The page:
Several groups, leaders, and philosophies (sometimes conflicting) were at work during the second decade of the century. NAWSA, the oldest and most conservative suffrage organization, was increasingly effective politically, utilizing committees in states where suffrage amendments had passed to influence elections and garner support for passage of the federal amendment. This, combined with the politically-oriented and popular approach of the Women’s Political Union, headed by Harriot Stanton Blatch, and the confrontational approach of the National Woman’s Party, led by Alice Paul and Lucy Burns, led to the successful passage of the 19th amendment, but keeping the cast of characters straight during this period of time is difficult and unnecessary in an overview of the movement. It’s helpful, however, to the collector or bookseller trying to identify the source of the many leaflets and pamphlets from this period, to be aware of the number of sometimes competing groups. These have been analyzed in recent scholarly books; a few of the most useful are listed in the bibliography.
Between 1910 and 1915 seven more states (mostly western) had passed suffrage amendments and by 1920, another seventeen states had done so. When the federal amendment was finally ratified in 1920, 339 of 531 presidential electors represented states in which women could vote. This, of course, made possible political action, capitalizing on the support of those states in which women could vote.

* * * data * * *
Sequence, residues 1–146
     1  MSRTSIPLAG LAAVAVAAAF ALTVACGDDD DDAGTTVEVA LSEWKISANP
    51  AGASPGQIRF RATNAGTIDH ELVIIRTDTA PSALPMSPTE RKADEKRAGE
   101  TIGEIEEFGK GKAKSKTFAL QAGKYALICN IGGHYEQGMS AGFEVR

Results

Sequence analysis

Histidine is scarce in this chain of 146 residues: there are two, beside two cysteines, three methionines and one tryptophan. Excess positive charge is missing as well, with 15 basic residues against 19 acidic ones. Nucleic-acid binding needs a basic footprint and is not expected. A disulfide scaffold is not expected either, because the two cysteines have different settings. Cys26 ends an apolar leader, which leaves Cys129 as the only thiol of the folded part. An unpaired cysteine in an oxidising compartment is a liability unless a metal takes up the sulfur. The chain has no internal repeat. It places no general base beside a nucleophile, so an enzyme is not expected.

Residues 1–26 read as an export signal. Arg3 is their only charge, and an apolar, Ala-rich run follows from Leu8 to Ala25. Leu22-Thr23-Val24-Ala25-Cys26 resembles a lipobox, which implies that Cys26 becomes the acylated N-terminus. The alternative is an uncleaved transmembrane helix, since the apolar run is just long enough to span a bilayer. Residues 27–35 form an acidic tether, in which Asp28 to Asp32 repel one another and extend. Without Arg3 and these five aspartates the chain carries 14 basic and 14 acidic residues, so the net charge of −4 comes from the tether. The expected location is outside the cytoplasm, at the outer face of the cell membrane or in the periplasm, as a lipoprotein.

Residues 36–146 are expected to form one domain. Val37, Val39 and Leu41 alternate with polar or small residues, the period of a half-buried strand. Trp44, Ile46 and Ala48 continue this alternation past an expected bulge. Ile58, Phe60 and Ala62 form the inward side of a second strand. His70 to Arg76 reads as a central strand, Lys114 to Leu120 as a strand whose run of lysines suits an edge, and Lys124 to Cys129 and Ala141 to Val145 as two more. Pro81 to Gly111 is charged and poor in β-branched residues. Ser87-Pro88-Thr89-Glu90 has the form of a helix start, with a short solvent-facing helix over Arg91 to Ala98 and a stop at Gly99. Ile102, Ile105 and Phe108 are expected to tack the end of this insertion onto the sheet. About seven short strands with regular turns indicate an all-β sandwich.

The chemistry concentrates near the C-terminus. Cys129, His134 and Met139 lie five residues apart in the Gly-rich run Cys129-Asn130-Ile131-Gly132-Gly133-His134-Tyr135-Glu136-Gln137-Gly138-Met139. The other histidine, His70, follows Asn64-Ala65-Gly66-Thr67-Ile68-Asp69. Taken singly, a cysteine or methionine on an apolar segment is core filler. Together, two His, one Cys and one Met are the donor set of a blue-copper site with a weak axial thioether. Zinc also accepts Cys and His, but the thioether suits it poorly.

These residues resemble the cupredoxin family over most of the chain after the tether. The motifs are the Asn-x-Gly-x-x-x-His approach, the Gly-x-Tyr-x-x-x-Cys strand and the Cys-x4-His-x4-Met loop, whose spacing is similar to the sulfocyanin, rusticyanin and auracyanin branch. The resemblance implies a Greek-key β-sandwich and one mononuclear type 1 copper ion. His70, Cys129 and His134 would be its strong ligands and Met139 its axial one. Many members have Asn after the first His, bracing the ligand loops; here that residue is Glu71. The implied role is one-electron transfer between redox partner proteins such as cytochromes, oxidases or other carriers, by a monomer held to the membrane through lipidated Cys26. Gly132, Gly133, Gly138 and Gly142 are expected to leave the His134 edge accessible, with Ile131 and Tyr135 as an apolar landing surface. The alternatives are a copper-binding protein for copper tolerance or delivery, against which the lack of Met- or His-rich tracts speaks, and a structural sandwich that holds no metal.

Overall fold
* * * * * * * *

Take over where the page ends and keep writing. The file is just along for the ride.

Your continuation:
By 1912 popular suffrage novels, sheet music, ads, postcards, books of argument aimed at high school and college debaters as well as Suffrage Schools established by NAWSA had become common.
World War I presented a dilemma—to continue the fight for suffrage or to hold off in deference to the war effort. The NAWSA, while not abandoning the fight entirely, largely adopted the second course. The New Woman’s Party, led by Paul and Burns, who learned their tactics from the British Women’s Social and Political Union led by the Pankhursts, did not. Instead they pointed to the contradiction of “fighting for democracy” when the nation excluded women from voting. They embarrassed the administration with parades and demonstrations, set fire to copies of presidential speeches and chained themselves to the fence of the White House. The government obligingly martyred them with increasingly lengthy jail sentences, in terrible conditions, and force-feeding. The conflict, though never as extreme as the British suffrage battle, became increasingly violent.
Two especially interesting and fairly available first-hand accounts of the period by New Woman’s Party leaders are Doris Stevens’ Jailed for Freedom and Inez Haynes Irwin’s The Story of the Woman’s Party, reprinted as Up Hill With Banners Flying. Yes, she’s also the author of Maida’s Little House.
Some of the most interesting and elusive books of the period are by suffrage workers recounting their experience during this period. That it was a “peak’ experience for the women involved is clear. Their reminiscences, like the reminiscences of war veterans, are full of the desire to tell “what really happened” and reflect the great significance the events had to the teller. Some of these accounts have not been reprinted and are serendipitous finds for the collector.
Accounts by NAWSA leaders and historians, Harper, Catt, Shaw and others are more readily available than Women’s Party material and are listed in the bibliography.
By 1918, with the war over, a suffrage amendment passed in New York, and with a President now committed to the suffrage cause, prospects for passage of a federal amendment looked good.